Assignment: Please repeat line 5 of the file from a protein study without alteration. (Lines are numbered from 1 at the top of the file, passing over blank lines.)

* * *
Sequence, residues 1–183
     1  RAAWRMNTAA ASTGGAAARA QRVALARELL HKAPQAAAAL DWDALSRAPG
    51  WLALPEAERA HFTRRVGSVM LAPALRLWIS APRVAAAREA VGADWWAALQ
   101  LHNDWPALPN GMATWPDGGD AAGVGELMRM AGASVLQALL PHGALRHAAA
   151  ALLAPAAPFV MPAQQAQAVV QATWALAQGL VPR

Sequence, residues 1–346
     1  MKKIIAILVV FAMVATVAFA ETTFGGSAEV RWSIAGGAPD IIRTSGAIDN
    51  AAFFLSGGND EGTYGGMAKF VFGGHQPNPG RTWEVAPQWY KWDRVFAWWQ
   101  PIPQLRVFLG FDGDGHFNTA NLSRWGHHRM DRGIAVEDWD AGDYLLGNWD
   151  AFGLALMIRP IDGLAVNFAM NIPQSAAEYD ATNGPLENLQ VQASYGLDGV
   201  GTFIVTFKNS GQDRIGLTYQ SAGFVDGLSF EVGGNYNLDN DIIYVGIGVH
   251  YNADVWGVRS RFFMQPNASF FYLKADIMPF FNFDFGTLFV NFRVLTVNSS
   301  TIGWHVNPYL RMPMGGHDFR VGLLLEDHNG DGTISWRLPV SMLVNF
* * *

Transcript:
   151  ALLAPAAPFV MPAQQAQAVV QATWALAQGL VPR